How Much Does Indian Government Spend on Healthcare? How Much Do We Spend on Healthcare from Our Personal Resources?
The total value of the health sector in India today is annually over Rs.150, 000 crores or US$ 34 billion. This works out to about Rs.1500 per capita which is 6 per cent of GDP. However, of this only 15 per cent is publicly financed, 4 per cent is from social insurance, 1 per cent private insurance and the remaining 80 per cent is spent out of personal resources. (85 per cent of which goes to the private sector).
The tragedy is that in India, as in most other countries, those who have the capacity to buy healthcare from the market may often get this care without having to pay for it directly, and those who are below the poverty line are forced to make direct payments to access healthcare from the market.
National data reveals that half of the people in the poorest 20% of population sold assets or took loans to access hospital care. Hence loans and sale of assets are estimated to contribute substantially to financing healthcare. This makes the need for social security even more imminent.
The health services have been dismally poor and inaccessible for a large majority of the population in India. This is duly acknowledged in “ National Rural Health Mission” document)2005), Ministry of Health and Family Welfare, N. Delhi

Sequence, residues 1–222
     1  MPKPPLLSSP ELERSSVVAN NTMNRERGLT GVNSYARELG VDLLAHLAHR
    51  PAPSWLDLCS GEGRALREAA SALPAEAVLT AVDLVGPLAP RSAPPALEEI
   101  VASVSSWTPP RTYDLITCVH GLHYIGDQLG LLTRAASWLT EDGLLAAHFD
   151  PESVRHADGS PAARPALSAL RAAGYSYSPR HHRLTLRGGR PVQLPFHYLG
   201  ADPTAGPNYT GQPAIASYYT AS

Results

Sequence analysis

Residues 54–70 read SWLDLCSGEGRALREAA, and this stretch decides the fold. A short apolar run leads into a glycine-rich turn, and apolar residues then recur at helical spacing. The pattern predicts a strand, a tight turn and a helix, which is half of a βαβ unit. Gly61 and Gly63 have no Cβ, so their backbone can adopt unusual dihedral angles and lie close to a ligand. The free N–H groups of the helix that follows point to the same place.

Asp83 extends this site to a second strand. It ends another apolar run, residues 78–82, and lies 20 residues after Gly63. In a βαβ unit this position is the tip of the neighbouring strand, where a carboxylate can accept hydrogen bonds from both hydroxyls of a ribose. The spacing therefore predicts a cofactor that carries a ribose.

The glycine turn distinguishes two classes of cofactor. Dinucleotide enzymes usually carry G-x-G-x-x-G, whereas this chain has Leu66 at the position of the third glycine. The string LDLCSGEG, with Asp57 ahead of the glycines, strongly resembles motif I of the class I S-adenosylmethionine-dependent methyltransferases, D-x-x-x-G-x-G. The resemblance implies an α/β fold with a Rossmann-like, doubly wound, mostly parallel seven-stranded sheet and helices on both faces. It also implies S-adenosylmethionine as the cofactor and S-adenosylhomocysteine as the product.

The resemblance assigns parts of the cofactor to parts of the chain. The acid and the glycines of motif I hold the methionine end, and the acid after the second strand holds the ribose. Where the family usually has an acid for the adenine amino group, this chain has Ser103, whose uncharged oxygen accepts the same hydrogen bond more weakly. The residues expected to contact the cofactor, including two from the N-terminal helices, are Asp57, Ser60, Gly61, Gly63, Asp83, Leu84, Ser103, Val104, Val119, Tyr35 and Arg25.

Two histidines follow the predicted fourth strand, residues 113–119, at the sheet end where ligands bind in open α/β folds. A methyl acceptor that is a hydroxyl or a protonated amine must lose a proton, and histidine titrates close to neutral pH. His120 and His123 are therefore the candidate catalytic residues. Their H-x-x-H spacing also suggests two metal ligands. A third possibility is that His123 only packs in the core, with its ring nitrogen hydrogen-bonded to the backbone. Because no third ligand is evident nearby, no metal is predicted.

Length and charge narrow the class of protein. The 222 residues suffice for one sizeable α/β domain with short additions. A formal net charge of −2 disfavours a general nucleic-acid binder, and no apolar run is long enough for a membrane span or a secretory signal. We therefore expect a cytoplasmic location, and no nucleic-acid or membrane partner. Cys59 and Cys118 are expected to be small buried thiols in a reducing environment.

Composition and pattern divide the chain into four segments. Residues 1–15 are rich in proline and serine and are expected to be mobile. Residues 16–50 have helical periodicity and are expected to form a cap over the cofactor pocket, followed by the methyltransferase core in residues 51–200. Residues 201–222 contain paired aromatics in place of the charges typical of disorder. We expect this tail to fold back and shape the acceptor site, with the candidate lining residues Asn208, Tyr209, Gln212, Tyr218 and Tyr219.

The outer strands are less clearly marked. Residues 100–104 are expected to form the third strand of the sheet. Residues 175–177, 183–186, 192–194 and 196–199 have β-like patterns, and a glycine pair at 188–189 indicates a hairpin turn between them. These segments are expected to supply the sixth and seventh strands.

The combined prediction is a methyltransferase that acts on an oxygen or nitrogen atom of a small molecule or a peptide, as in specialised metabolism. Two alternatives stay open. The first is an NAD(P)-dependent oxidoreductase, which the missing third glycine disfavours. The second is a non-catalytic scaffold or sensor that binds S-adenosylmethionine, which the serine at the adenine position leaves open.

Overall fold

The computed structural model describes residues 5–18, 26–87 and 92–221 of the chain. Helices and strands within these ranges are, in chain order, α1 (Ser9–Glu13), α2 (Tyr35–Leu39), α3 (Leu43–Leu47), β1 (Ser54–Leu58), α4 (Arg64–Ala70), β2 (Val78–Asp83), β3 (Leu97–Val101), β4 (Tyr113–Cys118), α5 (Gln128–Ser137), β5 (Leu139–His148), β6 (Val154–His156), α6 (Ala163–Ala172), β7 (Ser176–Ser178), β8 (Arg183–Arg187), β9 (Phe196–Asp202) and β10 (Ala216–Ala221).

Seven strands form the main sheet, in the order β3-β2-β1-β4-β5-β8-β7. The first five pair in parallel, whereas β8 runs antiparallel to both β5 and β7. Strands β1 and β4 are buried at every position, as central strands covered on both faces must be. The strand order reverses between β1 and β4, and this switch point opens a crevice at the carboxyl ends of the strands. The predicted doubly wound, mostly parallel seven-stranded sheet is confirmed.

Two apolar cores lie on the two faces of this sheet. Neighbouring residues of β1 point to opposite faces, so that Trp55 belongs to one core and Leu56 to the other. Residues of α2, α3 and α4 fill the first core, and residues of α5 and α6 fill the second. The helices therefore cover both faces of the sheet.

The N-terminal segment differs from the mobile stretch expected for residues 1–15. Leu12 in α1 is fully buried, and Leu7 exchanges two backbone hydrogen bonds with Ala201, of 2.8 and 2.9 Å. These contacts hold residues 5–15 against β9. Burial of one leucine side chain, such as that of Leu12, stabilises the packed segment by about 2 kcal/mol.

There are three streams of health providers that have emerged in post independent India- the qualified allopathic doctors, the qualified doctors from the Indian System of Medicine and unqualified health providers – the latter by default have become the mainstay of health services for the bulk of Indian’s population. Thus the health infrastructure need to be strengthened in the country so that the people at large get quality health care.
With less than one percent of the GDP invested in public health provision, India is home to one fifth of the world diseases, where the regular level of malnourished children is higher than that of Sub Saharan Africa and with high rates of anaemia and maternal undernourishment
Health is an indicator of well -being that has direct implications not only for the quality of life but also indirect implications for the production of economic goods and services. “ Health for all by the year 2000” was a national goal set by the Indian Govt in 1978.Since then a lot has been done in improving health both in rural and urban India. Despite all concerted efforts, however, India continues to have high level of morbidity, especially among infants, children, women and elderly. There is also a high incidence of communicable diseases normally associated with low levels of sanitation, public and personal hygiene, poor quality of drinking water and under nutrition.